Ellison chalks up attacks against himself, and fellow progressive Democrats like Nancy Pelosi, to tactical choices made by Republicans and the conservative donor class. They can’t win on the issues, Ellison insists. So they try “making people feel bad about the other guy.”
“Why am I a polarizing figure?” Ellison said. “Because the political environment we are living is highly polarized. Everything is polarizing. The only way as a Democrat to not be a polarizing figure is to water down your politics to the degree that you are irrelevant to making people’s lives any better.”
Still, he can’t quite fight off his puzzlement that is such a lightning rod. “I have never in my life said any hateful thing about anybody,” he said. “Never—you can’t find that quote, it’s not there.”
His home district voters have never seemed too troubled; Ellison couldn’t be in a safer seat. Still his door-knocking campaigns are almost legendary. In a three-month period in mid-2017 when he was running for reelection to Congress, he said his campaign workers knocked on 50,000 doors. On June 27 and 28, well after he had launched his AG bid, his campaign made 1,303 constituent calls, engaging with 181 people—a hit rate of 14 percent. Their top issues were immigration, consumer protection and education.
Ellison says he has always campaigned like he is in a tight race because he has his eyes on a larger prize—DFL dominance.
“I don’t like being in the minority,” Ellison said. “So I need a Democratic governor, a Democratic secretary of state and Democratic senators. When we jack up the turnout in the Fifth District, we make it so that no Republican can win statewide.”
Ellison, who retains his spot as DNC deputy chair, puts social and economic justice at the top of his AG priority list.
That means fighting wage theft and consumer fraud and protecting seniors, he said. It means making sure polluters are held to account. It means pushing back against predatory student loan services to make education affordable. It means enforcing Minnesota’s anti-trust laws to fight monopolization.
A new wrinkle he intends to introduce to the job is a series of AG community meetings, not unlike congressional town halls. Those gatherings always generate great ideas and allow staff to deal directly with constituent problems, he said.
Among DFLers, Ellison’s AG campaign is easily the most machine-like. Reporters are deluged daily with Ellison campaign emails from his chief campaign spokesman, Sam Fettig, a transplant from Gov. Mark Dayton’s communications team.
Dayton himself offered Ellison his nearly immediate endorsement. In fact, Ellison has loads of endorsements. Former Vice President Walter Mondale—a one-time Minnesota attorney general—is one. Bernie Sanders, the 2016 presidential candidate who landed Ellison as an early supporter, has reciprocated and plans to rally with Ellison on Friday. Dozens of current local and state elected officials also are in Ellison’s corner, though they mostly are concentrated in Twin Cities metro.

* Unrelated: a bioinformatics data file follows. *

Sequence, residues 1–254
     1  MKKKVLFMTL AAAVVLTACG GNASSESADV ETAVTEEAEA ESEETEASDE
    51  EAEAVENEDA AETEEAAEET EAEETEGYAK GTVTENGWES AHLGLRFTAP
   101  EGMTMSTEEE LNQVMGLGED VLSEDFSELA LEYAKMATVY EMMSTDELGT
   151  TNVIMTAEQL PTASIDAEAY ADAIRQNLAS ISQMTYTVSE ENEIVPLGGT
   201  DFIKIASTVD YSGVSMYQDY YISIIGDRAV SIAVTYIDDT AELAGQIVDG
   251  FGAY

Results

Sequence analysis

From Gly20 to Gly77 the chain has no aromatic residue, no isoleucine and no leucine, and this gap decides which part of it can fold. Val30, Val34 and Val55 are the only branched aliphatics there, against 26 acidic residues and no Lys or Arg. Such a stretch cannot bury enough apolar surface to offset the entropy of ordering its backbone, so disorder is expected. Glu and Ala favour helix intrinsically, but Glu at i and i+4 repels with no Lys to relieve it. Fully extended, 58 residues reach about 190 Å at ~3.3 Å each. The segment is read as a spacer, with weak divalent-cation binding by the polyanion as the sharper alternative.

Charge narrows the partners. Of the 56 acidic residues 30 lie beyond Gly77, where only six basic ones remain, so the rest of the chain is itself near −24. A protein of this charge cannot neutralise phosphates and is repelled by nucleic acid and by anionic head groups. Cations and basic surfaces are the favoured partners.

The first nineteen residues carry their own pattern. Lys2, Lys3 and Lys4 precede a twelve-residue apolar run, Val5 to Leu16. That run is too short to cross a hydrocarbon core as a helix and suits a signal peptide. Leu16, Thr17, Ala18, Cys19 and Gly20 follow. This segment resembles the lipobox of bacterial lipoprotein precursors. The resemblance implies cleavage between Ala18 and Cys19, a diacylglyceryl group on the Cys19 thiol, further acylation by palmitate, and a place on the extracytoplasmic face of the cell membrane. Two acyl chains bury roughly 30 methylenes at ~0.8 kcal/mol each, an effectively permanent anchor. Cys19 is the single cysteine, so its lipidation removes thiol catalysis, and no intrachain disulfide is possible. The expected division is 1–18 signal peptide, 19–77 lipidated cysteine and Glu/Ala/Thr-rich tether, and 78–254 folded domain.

Therein lies a problem, potentially. Tom Foley, the former Ramsey County attorney who is running in the DFL primary, is among those who question Ellison’s outstate appeal and electability. “Electability is important in this race,” Foley has said.
Ellison dismisses such talk. “Look, nobody turns out the vote like me,” he said.
“I question the logic of saying that Keith might be able to beat all of us in a primary, but he can’t win a general,” he said. “That doesn’t make sense to me.”
Ellison is not as openly dismissive of those who say he wants to become AG to mount a series of legal assaults on President Donald Trump’s policies.
“Look, I think that any decent state attorney general ought to protect the rights of the people of the state,” Ellison said. “In 2018, that means challenging policies coming out of the Trump administration.”
A decade ago, as he ran for the U.S. House, Ellison constantly was on the defensive. Some of that seems still to linger. Journalists’ questions have frequently elicited from him some variation of a common answer about his past: “I’ve grown.”
As his Minnesota Lawyer interview wrapped, Ellison was asked whether Minnesota—which, after his two decades in the spotlight now knows him well—has grown enough to accept him for who and what he is.
“Absolutely, man,” he enthused. “I am sure of it. I am connecting to people on a human level, man. You know, you just gotta give people a chance. Let me tell you, absolutely, this is the right moment for me to be the AG. People are going to support me. It’s going to happen.”
A little more about … Keith Ellison
Lives in: Minneapolis
Grew up in: Detroit
Family: Ex-wife Kim [Dore] Ellison is a Minneapolis school board member, they were divorced in 2012; four children, Amirah, Isaiah, Elijah and Jeremiah
Undergrad: Wayne State University, economics, 1986
JD: University of Minnesota School of Law, 1990
Hobbies: Playing guitar
Surprising fact: Before entering public service, Ellison hosted a public affairs radio program for a number of years.
Notable facts: Ellison is both the first African-American from Minnesota ever elected to Congress. He also was the first Muslim ever elected to the U.S. Congress.